Katunayake Air Force Base in the early days
The Bandaranaike Government had announced a policy of nonalignment in terms of foreign and defence policy, which meant that there was not going to be any alignment with power-blocs.
When Ceylon gained Independence in February 1948, Defence Agreements had been signed with the British government. It was felt that these agreements were contrary to the new policy of nonalignment. This led to discussions being held for a peaceful transfer of the Trincomalee naval base and the Katunayake air force base.
The handover of the Trincomalee base took place on 15 October 1957. Prime Minister Bandaranaike was present at the significant event. The acting British High Commissioner, T.L. Crosthwaite represented the British Government. While a special rain was arranged for VIPs and MPs to come, we drove to Trincomalee well ahead of the time of the transfer. I went with senior Daily News reporter Dalton de Silva who later joined the Defence Ministry as press officer, and photographer Wally Perera.
Speaking about the significance of the event, the Prime Minister said that the occasion marked the removal of a remnant of colonialism. He hailed it as “one more step towards full freedom”.
Trincomalee was a strategic military base occupied by the Portuguese, Dutch, French and the British who found it a convenient spot for their expansion in this part of the world. During World War II (1939-45) Royal Navy ships were anchored in Trincomalee. The Japanese attacked the Trincomalee dockyard during the Easter Sunday raid on 9 April 1942. After the handover Trinco became the base of the Royal Ceylon Navy (created in December 1950 – name changed to Sri Lanka Navy after the country became a Republic).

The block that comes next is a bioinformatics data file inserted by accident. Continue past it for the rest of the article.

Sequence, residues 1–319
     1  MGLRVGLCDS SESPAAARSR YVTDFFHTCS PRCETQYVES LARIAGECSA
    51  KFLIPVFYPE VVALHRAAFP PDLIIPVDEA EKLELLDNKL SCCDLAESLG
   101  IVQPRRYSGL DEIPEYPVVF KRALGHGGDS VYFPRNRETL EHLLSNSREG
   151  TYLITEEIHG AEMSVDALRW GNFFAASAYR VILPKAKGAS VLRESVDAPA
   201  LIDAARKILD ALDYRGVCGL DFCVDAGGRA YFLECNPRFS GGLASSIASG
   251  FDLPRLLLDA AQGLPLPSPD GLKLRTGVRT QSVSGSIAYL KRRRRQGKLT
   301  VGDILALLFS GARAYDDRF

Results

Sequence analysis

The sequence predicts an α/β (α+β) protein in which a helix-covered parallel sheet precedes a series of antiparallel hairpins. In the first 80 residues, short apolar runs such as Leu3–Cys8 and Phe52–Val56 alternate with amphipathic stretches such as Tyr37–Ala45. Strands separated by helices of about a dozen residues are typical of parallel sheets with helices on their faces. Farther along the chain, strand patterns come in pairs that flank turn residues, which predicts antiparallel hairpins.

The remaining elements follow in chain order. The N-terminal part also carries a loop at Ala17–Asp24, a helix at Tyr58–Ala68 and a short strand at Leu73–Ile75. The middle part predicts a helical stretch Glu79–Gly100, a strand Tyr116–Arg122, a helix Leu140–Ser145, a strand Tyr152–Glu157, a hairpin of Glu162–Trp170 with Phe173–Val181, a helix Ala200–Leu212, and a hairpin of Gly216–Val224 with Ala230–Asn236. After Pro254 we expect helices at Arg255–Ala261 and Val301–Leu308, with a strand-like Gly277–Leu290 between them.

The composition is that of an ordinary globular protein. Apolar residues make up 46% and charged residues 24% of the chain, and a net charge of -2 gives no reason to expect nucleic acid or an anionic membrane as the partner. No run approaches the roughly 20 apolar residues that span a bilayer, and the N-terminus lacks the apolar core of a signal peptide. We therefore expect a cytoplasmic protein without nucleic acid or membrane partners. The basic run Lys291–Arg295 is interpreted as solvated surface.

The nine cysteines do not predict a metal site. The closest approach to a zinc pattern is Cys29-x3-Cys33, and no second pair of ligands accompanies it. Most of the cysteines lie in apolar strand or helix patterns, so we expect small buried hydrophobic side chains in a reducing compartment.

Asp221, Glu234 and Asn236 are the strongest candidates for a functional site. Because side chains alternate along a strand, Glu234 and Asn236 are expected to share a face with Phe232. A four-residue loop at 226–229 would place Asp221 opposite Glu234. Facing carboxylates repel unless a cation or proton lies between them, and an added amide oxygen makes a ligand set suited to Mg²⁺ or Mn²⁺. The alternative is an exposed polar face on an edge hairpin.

The Royal Air Force (RAF) base at Katunayake set up by the British in mid 1940s was handed over on 1 November 1957 – two weeks after the handover of Trincomalee.
Calling it another landmark in the history of the country, the Prime Minister said: “It is all a good sign that these things can be done by friendly arrangement and agreement, and in an atmosphere of dignity.”
Almost adjacent to the Bandaranaike Katunayake International Airport, the Sri Lanka Air Force base was attacked by the LTTE on 24 July 2001.
Incidentally, glancing through the photograph of the band of journalists with Zhou Enlai published in this column last week, I spotted Lakshman Ratnapala, then a reporter of the ‘Lankadeepa’. We used to meet often on assignments and became friends.
A few years later he joined the tourism sector and went places ending up as President and CEO of the Pacific Asia Travel Association (PATA). Just as much as Lakshman R began as a journalist and branched out into other areas, there were several who made the ‘Dinamina’ their starting point and moved out after a few years. They were all university products.
At the time I joined the Dinamina, there were a few who had come after finishing their degree in the Colombo University. Looking back they were all arts graduates. S.G. Samarasinghe later joined the administrative service and ended up as Head of the Rubber Control Department. M.H. Gunatilleka, a contemporary of mine at Ananda and Peradeniya University who was a keen student of puppetry, joined the Vidyalanakara (later Kelaniya) University staff and rose to be Professor. Wimal Dissanayake and Shelton Gunaratne spent some time in the news desk left and ended up as Professors in Mass Communication in US universities.
There were others who stayed on. In the features desk were Sisil Illangakoon, Features Editor, Hema Gunawardena (she joined Wijeya Newspapers after the nationalisation of Lake House) and B.A. Siriwardena (‘Sira’ as everyone called him) who joined the ‘Aththa’ in 1965 and later became its Editor. A brilliant writer, his hard-hitting editorials are still being talked about by those who were ardent readers of the paper from mid-1960s onwards.
More to follow.